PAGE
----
Senior White House advisor and former car czar Ron Bloom responded today to House Oversight Committee Chairman Darrell Issa’s inquiry into whether Bloom joked at a bar in 2009 that he worked on the auto bailout to help unions, saying he does not recall making the statement but cannot say with certainty that he did not say it.
The controversy began last week when Rep. Issa, R-Calif, and two fellow Republicans asked Bloom to “clarify” his recent testimony before the committee during a hearing on the General Motors bailout.
In 2009 Bloom, the current Assistant to the President for Manufacturing Policy, played a key role in the process that led to the reorganization of General Motors and Chrysler and worked closely with the companies, lenders and the union when he served as a Senior Advisor on the President’s Task Force on the Automotive Industry.
In Overhaul, the book by Steven Rattner, Bloom’s former boss on the Auto Task Force, Rattner wrote the following description of a celebratory dinner: “I thanked my colleagues for the enormous sacrifices that each had made. ‘In this deal, in this incarnation,’ I said, ‘you have epitomized what it means to serve your country.’ Fortunately, after I spoke, Ron Bloom was there to lighten the mood. ‘I did this all for the unions!’ he jokingly declared. Everyone laughed and the war stories began to fly.”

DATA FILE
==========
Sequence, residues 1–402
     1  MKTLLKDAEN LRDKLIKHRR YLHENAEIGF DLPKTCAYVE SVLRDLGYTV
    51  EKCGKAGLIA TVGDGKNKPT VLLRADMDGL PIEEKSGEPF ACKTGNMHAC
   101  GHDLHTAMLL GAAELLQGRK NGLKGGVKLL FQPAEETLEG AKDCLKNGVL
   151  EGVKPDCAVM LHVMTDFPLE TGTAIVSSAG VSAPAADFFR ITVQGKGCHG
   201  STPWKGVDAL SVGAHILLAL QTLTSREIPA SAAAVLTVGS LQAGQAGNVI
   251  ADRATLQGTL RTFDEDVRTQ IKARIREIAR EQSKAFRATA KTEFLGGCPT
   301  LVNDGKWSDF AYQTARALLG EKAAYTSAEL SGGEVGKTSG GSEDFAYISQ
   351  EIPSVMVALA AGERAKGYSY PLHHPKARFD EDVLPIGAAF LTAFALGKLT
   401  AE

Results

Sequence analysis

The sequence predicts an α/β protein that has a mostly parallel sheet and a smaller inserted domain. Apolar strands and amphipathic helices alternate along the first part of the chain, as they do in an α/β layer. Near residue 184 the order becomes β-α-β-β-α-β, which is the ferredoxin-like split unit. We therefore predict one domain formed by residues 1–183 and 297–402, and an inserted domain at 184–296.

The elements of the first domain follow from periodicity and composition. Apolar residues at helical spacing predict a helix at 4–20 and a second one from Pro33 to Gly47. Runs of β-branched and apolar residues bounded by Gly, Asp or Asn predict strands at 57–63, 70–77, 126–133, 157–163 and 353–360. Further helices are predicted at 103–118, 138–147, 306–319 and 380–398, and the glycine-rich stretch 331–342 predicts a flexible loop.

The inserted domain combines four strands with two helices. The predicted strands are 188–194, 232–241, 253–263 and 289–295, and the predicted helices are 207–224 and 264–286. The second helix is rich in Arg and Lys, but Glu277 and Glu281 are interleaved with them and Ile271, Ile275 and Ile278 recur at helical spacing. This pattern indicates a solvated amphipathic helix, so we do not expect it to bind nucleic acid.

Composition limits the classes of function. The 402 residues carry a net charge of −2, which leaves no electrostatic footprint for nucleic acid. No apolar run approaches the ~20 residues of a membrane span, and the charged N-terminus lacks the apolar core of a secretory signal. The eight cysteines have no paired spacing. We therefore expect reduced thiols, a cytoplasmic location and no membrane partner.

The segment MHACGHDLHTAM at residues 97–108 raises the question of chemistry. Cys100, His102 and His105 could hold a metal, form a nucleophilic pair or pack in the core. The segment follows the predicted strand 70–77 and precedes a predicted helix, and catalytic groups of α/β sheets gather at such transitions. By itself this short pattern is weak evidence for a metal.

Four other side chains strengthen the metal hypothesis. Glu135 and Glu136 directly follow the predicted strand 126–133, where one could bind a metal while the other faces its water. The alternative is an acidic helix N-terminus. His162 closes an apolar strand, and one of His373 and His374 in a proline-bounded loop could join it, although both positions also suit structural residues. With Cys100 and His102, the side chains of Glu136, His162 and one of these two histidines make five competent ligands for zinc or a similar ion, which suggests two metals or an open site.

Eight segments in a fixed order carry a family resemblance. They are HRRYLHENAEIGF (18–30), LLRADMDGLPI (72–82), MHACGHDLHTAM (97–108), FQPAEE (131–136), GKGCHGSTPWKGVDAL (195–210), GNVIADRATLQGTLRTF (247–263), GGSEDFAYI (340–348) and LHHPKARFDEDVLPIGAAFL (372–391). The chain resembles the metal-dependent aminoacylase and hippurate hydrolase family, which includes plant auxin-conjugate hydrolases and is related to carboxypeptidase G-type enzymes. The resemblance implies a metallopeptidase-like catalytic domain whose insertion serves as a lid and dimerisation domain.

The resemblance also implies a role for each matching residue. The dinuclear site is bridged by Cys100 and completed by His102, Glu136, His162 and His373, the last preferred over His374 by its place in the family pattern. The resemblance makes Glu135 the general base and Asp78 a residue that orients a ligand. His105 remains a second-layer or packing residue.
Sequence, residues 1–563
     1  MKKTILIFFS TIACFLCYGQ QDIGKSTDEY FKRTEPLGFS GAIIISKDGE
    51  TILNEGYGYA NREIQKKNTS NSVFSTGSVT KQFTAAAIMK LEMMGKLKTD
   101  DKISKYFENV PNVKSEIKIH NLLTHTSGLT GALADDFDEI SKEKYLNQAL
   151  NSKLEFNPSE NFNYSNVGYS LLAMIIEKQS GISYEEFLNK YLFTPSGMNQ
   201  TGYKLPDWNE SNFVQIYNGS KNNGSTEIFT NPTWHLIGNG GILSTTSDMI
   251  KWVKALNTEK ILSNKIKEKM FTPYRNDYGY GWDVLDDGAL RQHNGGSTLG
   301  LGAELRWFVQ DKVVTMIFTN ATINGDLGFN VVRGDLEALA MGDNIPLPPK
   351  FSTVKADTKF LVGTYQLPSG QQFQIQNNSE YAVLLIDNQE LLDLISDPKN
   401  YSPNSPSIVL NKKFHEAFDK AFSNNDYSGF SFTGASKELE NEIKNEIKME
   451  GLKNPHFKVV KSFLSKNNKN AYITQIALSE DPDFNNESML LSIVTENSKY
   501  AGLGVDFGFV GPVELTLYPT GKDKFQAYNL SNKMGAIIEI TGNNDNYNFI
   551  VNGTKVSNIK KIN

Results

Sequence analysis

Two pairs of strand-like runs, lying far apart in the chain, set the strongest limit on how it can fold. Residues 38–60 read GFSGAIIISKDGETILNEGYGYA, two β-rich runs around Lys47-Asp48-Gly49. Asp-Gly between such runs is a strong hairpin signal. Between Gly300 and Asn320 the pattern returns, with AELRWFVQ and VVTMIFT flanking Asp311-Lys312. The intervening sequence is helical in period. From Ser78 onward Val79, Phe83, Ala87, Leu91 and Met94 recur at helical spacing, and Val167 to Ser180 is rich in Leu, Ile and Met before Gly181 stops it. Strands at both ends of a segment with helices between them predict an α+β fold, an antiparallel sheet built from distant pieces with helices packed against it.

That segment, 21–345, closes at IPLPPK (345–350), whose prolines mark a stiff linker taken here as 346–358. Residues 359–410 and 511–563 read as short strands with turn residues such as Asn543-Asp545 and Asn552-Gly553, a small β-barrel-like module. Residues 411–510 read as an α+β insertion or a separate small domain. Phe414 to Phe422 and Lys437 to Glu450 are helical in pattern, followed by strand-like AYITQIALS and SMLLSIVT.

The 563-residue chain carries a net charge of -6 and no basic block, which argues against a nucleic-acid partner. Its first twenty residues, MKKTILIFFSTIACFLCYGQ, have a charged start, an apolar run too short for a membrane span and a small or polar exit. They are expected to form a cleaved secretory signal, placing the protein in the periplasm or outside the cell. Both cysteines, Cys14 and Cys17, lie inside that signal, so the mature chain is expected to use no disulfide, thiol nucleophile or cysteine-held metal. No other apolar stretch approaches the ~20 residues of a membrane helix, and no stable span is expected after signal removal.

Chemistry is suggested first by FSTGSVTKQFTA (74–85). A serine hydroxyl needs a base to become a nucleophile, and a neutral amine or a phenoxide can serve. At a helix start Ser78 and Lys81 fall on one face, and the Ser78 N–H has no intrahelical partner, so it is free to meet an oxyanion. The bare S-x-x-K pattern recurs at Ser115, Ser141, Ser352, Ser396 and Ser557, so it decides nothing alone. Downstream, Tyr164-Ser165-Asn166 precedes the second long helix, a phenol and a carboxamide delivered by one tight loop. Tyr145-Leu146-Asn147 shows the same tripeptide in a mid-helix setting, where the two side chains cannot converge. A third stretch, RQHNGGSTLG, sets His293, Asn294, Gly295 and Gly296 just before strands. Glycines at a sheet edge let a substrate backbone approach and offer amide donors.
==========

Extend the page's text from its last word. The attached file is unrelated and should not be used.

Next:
At the June hearing, Indiana Republican Rep. Dan Burton asked Bloom if he said at a 2009 farewell party for the administration’s autos team that “I did this all for the unions.”
With an almost inexplicable forcefulness – given that Rattner made it clear that Bloom was joking -- Bloom denied ever making the remark. “I did not say that,” Bloom stated. Pressed again by Burton, Bloom reiterated that “no, sir” he never made the comment.
In a Friday letter obtained by ABC News , Bloom backed off his earlier denial in an effort to appease Issa and the committee.
“I do not recall making the alleged comment that was the subject of Congressman Barton’s inquiry,” Bloom writes. “Nonetheless, given the amount of time that has passed since the dinner in July 2009 and the fact that others may have a different recollection, I cannot say with absolute certainty that I did not make the alleged comment.”
“The overriding objective that guided the Auto Task Force was to bring much needed stability to the crucial sector of our economy, keep hundreds of thousands of Americans working, and give GM and Chrysler a chance to become viable, competitive American businesses. While difficult for all parties involved, I believe that in the end this objective was achieved in a fair and reasonable manner. I can assure you that the comment attributed to me is not reflective of my view,” he writes.